Men craved entertainment in later times as well as in the earlier, only instead of resorting for its subject-matter to what happened under their eyes, they drew from the fountain-head of the past. The events in the ancient history of Israel, which was not only studied, but lived over again daily, stimulated the desire to criticize it. The religious reflections upon nature laid down in the myths of the people, the fairy tales, which have the sole object of pleasing, and the legends, which are the people's verdict upon history—all these were welded into one product. The fancy of the Jewish people was engaged by the past reflected in the Bible, and all its creations wear a Biblical hue for this reason. This explains the peculiar form of the Haggadah.
But what is spontaneously brought forth by the people is often preserved only in the form impressed upon it by the feeling and the thought of the poet, or by the speculations of the learned. Also Jewish legends have rarely been transmitted in their original shape. They have been perpetuated in the form of Midrash, that is, Scriptural exegesis. The teachers of the Haggadah, called Rabbanan d'Aggadta in the Talmud, were no folklorists, from whom a faithful reproduction of legendary material may be expected. Primarily they were homilists, who used legends for didactic purposes, and their main object was to establish a close connection between the Scripture and the creations of the popular fancy, to give the latter a firm basis and secure a long term of life for them.
One of the most important tasks of the modern investigation of the Haggadah is to make a clean separation between the original elements and the later learned additions. Hardly a beginning has been made in this direction. But as long as the task of distinguishing them has not been accomplished, it is impossible to write out the Biblical legends of the Jews without including the supplemental work of scholars in the products of the popular fancy.
In the present work, "The Legends of the Jews," I have made the first attempt to gather from the original sources all Jewish legends, in so far as they refer to Biblical personages and events, and reproduce them with the greatest attainable completeness and accuracy. I use the expression Jewish, rather than Rabbinic, because the sources from which I have levied contributions are not limited to the Rabbinic literature. As I expect to take occasion elsewhere to enter into a description of the sources in detail, the following data must suffice for the present.
The works of the Talmudic Midrashic literature are of the first importance. Covering the period from the second to the fourteenth century, they contain the major part of the Jewish legendary material. Akin to this in content if not always in form is that derived from the Targumim, of which the oldest versions were produced not earlier than the fourth century, and the most recent not later than the tenth. The Midrashic literature has been preserved only in fragmentary form. Many Haggadot not found in our existing collections are quoted by the authors of the Middle Ages. Accordingly, a not inconsiderable number of the legends here printed are taken from medieval Bible commentators and homilists. I was fortunate in being able to avail myself also of fragments of Midrashim of which only manuscript copies are extant.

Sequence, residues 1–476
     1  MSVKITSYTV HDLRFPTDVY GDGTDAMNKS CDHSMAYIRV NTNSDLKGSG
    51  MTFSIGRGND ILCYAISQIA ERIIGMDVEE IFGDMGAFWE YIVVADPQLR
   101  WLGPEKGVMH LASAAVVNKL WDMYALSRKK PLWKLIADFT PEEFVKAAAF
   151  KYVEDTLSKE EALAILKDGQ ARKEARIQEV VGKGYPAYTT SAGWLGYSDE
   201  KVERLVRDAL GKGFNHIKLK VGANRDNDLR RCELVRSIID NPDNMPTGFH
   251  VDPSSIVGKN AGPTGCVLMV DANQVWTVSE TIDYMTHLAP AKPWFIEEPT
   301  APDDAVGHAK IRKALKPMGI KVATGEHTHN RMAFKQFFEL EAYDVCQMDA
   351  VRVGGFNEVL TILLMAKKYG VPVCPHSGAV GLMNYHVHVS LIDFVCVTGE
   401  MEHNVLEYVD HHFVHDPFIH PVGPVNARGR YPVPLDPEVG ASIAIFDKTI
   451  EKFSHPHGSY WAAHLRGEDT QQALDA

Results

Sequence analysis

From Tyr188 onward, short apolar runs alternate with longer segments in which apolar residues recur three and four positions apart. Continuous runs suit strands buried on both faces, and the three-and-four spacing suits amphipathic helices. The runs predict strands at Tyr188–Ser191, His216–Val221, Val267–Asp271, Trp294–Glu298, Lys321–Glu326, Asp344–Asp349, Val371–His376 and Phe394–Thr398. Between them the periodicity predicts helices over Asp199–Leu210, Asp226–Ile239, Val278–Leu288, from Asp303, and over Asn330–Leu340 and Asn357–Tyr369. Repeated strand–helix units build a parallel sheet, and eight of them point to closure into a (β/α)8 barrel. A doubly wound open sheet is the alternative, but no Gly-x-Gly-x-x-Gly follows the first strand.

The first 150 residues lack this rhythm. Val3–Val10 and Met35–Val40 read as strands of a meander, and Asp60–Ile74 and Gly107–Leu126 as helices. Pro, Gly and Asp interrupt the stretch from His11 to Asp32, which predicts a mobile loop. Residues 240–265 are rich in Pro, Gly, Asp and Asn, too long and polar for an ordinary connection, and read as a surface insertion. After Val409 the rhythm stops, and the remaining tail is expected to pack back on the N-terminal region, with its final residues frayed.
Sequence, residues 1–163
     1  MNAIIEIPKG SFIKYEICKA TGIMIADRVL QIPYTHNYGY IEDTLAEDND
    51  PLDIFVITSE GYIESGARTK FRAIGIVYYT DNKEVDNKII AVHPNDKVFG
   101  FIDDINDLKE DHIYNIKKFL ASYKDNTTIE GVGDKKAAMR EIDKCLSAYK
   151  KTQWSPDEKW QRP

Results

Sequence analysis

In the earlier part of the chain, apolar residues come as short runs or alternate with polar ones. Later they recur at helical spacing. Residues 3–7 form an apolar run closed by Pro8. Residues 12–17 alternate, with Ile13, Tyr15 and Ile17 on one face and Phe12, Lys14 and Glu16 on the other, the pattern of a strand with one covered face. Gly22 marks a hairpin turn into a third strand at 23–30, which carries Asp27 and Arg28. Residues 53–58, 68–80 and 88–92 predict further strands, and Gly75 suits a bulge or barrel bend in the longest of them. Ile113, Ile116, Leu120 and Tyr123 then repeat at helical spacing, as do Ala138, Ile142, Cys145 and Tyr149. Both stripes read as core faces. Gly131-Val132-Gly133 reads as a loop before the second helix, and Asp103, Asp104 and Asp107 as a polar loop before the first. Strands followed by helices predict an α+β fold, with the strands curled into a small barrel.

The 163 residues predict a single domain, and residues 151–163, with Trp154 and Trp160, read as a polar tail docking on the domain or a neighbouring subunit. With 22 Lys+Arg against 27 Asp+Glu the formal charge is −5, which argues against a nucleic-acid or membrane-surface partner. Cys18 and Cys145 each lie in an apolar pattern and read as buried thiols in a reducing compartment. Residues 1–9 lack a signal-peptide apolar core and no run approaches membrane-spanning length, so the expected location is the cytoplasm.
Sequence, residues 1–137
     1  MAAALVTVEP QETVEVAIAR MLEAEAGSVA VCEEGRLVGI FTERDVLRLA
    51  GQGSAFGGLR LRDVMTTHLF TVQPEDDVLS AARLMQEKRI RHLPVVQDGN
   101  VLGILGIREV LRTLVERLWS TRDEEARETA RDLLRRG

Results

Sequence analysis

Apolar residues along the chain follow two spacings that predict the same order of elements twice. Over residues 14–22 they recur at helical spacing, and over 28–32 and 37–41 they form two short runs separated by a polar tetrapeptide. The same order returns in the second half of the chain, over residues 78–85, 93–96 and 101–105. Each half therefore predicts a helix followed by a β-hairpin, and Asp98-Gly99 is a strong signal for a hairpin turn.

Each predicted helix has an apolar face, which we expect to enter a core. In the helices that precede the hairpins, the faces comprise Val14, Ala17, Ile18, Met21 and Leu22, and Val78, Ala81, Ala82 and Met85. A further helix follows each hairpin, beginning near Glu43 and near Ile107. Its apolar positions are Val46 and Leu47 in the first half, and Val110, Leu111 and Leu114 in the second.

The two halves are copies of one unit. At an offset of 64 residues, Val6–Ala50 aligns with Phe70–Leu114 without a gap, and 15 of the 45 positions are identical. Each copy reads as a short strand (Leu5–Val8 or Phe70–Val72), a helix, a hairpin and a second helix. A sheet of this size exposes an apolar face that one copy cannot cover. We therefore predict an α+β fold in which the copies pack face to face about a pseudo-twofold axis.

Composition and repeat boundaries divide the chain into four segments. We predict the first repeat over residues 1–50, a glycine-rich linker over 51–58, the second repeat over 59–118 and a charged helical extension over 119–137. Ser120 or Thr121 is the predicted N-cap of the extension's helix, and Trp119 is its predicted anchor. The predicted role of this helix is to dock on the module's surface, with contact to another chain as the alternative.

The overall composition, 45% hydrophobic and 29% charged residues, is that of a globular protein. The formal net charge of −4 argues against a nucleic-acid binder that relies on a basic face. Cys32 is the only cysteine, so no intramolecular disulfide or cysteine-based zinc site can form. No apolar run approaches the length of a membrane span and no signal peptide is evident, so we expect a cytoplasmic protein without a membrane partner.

The works of the older Kabbalah are likewise treasuries of quotations from lost Midrashim, and it was among the Kabbalists, and later among the Hasidim, that new legends arose. The literatures produced in these two circles are therefore of great importance for the present purpose.
Furthermore, Jewish legends can be culled not from the writings of the Synagogue alone; they appear also in those of the Church. Certain Jewish works repudiated by the Synagogue were accepted and mothered by the Church. This is the literature usually denominated apocryphal-pseudepigraphic. From the point of view of legends, the apocryphal books are of subordinate importance, while the pseudepigrapha are of fundamental value. Even quantitatively the latter are an imposing mass. Besides the Greek writings of the Hellenist Jews, they contain Latin, Syrian, Ethiopic, Aramean, Arabic, Persian, and Old Slavic products translated directly or indirectly from Jewish works of Palestinian or Hellenistic origin. The use of these pseudepigrapha requires great caution. Nearly all of them are embellished with Christian interpolations, and in some cases the inserted portions have choked the original form so completely that it is impossible to determine at first sight whether a Jewish or a Christian legend is under examination. I believe, however, that the pseudepigraphic material made use of by me is Jewish beyond the cavil of a doubt, and therefore it could not have been left out of account in a work like the present.
However, in the appreciation of Jewish Legends, it is the Rabbinic writers that should form the point of departure, and not the pseudepigrapha. The former represent the main stream of Jewish thought and feeling, the latter only an undercurrent. If the Synagogue cast out the pseudepigrapha, and the Church adopted them with a great show of favor, these respective attitudes were not determined arbitrarily or by chance. The pseudepigrapha originated in circles that harbored the germs from which Christianity developed later on. The Church could thus appropriate them as her own with just reason.
In the use of some of the apocryphal and pseudepigraphic writings, I found it expedient to quote the English translations of them made by others, in so far as they could be brought into accord with the general style of the book, for which purpose I permitted myself the liberty of slight verbal changes. In particulars, I was guided, naturally, by my own conception of the subject, which the Notes justify in detail.